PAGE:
GOD’S OWN COUNTRY is a no frills in-your-face romantic Yorkshire gay movie along the lines of BROKEBACK MOUNTAIN minus a hell of a lot of commercialism. It’s a gritty realistic gay love story that is formed during the lambing season of spring. It is releasing this Thursday 31st August in Australia from Rialto Distribution. It is rated MA15+ and runs for 104mins. I do need to give a warning for this movie. Nope, not for gay sex, but the lambing season footage is all very real. There is some lamb birthing and there is a dead lamb that is skinned and more. Two renowned critics walked out of my screening during this footage.


God's Own Country Movie image




Spring. Yorkshire. Isolated young sheep farmer Johnny Saxby numbs his daily frustrations with binge drinking and casual sex, until the arrival of a Romanian migrant worker Gheorghe, employed for the lambing season, ignites an intense relationship that sets Johnny on a new path.

Johnny is young, immature and without guidance in being a gay man in such an isolated world. He lives with his grandparents in a sheep’s world. Fences to mend, lots of little mouths to feed and a property to manage. Pressure mounts for Johnny when his father has a stroke and the farm’s responsibilities build for him. He is trying to deal with the prospect of being trapped eternally in the farming life by himself and now he is discovering feelings for the worker Gheorghe. Discovering hidden emotions can be more challenging than birthing lambs by the look of it.


God's Own Country Josh O'Connor and Alec Secareanu image
Josh O’Connor and Alec Secareanu



I loved this movie but it wasn’t easy. It moves quite glacially in the beginning and Johnny is quite a frustrating character that grows on you. Francis Lee’s direction is sublime however and his slow build is well handled. GOD’S OWN COUNTRY is a film about discovery, passion, hope and overcoming life long issues. The life on the land is bloody hard and made the harder for this young gay gent. He is drowning in his issues and if it wasn’t for Gheorghe suicide wouldn’t be a negative option for Johnny.

Joshua James Richards’ cinematography is stunning and with the direction of Lee what they both capture is quite remarkable. The lambing and farming side does not hold back and I loved this about the movie. Discovering everything you need to know about Gheorghe as a farmer and as a person purely through watching his hands and then his entire self save a lamb by massaging mucus out of it’s throat and eventually rearing him was spellbinding. You do not know or find out all of Gheorghe’s history but it can’t have been too pretty. He has a sad past, you can see it in his eyes, but his tenderness and caring is something hard to resist for anyone. Seeing how this kind of human can change Johnny was as good as the sheep rearing. The parallels are quite evident.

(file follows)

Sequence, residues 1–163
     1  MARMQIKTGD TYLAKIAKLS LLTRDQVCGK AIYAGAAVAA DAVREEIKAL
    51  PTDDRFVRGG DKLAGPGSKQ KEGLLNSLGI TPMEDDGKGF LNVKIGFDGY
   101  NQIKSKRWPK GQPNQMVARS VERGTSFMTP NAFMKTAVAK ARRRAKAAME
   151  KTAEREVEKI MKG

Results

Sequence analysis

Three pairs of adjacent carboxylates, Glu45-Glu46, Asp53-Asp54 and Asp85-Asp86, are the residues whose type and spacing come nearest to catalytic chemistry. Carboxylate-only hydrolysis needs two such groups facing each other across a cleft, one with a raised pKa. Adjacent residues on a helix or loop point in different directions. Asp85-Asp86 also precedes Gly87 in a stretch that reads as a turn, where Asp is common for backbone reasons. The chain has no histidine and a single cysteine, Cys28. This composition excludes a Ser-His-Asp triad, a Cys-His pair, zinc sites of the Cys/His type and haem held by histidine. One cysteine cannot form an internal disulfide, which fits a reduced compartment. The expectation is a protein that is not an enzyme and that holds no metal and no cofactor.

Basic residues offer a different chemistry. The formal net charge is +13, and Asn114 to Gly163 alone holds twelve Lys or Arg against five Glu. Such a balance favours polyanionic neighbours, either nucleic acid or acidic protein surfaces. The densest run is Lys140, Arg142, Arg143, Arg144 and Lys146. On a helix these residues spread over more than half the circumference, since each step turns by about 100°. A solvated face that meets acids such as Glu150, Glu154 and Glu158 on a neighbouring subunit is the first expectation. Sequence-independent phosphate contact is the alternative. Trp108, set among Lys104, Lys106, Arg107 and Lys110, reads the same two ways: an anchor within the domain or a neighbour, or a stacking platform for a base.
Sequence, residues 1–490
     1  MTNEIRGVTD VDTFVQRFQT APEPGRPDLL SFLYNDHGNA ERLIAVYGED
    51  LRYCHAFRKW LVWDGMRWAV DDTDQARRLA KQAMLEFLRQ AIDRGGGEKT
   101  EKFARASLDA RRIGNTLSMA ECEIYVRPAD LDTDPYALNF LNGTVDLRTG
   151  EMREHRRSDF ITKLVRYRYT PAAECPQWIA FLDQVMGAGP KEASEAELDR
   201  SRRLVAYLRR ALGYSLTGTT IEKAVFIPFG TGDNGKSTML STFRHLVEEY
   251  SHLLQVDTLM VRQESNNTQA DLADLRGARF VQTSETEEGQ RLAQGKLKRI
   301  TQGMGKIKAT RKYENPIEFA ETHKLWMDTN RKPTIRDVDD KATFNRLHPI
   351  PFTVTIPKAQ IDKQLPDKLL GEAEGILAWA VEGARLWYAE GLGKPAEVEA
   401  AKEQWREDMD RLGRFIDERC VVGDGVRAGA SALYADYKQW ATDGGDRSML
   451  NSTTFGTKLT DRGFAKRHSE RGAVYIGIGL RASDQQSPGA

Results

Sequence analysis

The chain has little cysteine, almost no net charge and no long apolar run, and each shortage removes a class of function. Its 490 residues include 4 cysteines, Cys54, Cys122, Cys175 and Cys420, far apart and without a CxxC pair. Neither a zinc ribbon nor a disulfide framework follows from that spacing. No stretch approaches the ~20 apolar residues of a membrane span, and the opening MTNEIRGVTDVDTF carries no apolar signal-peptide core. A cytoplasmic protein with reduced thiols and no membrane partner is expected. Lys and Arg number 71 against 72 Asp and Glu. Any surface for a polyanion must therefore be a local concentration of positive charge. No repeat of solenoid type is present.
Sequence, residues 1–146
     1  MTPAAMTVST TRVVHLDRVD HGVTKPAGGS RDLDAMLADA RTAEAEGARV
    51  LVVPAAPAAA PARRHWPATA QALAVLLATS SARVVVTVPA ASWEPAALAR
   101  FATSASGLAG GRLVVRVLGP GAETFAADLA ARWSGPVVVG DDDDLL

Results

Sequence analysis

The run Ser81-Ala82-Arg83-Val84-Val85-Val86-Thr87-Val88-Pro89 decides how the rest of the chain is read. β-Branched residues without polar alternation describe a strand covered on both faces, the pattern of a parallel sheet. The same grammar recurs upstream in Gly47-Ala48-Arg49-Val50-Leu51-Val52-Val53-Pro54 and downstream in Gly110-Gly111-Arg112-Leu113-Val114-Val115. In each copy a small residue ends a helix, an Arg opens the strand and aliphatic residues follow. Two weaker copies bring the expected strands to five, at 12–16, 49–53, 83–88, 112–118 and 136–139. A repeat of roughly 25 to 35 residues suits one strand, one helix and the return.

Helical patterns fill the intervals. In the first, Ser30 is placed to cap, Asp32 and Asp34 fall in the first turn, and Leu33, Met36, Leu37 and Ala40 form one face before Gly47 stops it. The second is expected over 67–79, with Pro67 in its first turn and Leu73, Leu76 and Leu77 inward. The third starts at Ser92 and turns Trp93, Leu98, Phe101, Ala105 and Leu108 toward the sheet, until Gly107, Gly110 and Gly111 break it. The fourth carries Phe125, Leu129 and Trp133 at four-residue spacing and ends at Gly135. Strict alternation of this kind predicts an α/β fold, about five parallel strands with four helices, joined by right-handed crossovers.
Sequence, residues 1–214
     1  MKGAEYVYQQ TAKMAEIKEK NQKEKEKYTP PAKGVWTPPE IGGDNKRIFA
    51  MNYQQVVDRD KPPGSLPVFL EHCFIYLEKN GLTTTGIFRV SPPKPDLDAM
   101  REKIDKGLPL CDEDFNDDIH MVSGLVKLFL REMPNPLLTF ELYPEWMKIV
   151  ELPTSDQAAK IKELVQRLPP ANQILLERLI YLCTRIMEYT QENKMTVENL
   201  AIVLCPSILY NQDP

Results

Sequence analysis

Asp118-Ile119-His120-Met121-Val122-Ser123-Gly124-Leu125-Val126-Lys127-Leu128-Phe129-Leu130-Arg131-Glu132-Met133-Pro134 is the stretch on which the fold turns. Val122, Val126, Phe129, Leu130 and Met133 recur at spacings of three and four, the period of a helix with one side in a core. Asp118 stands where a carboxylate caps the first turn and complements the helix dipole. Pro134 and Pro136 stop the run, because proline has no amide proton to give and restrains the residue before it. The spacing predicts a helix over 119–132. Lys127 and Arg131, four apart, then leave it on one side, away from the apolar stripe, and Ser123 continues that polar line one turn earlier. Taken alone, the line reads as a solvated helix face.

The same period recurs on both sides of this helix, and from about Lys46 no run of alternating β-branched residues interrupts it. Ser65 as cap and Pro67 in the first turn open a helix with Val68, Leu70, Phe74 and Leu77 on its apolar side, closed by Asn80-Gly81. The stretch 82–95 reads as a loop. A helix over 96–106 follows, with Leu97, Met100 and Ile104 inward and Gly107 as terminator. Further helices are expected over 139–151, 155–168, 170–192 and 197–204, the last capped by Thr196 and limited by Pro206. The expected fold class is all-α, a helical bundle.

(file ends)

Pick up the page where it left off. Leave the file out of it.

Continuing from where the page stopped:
God's Own Country Josh O'Connor and Alec Secareanu image
Josh O’Connor and Alec Secareanu



The acting in GOD’S OWN COUNTRY is natural and filled with such devotion to character it warms your heart. And you need it – that environment is as cold as it is bleak. O’Connor’s performance needs awards. It is so nuanced and raw you will want to beat him up many times and hug him in the next scene. Secareanu was also impressive but being the more subdued character he was outshone by O’Connor for me. Ian Hart was fantastic as the father suffering from a stroke, you truly dislike this man but in all fairness it wasn’t his fault. And to round out the acting was the superb Gemma Jones as Johnny’s grandmother. The hard back-boned lady of the farm who just holds it together in every scene. Her entire life is on the point of unravelling and seeing Jones deliver that onscreen made me smile. 


God's Own Country Josh O'Connor and Alec Secareanu image
Josh O’Connor and Alec Secareanu



GOD’S OWN COUNTRY won’t be for everyone. There is some Brokeback styled romance and the lambing scenes are quite confronting. Persevere through the slow start and you may fall in love with this movie as I did. The performance, the direction, the cinematography and the gritty realism of this tale deserve applause.





 owns, writes and edits Salty Popcorn and Spooning Australia. He is a movie, food, restaurant, wine, chocolate, bacon, burger and brussels sprouts addict. He is a member of the Australian Film Critics Association and has been in the  industry for 26yrs. Furthermore he loves watching people trip over and is Leonardo DiCaprio’s biggest fan. 

** Images used are courtesy of various sources on Google or direct from the distributor or publisher. Credit has been given to photographers where known – images will be removed on request.


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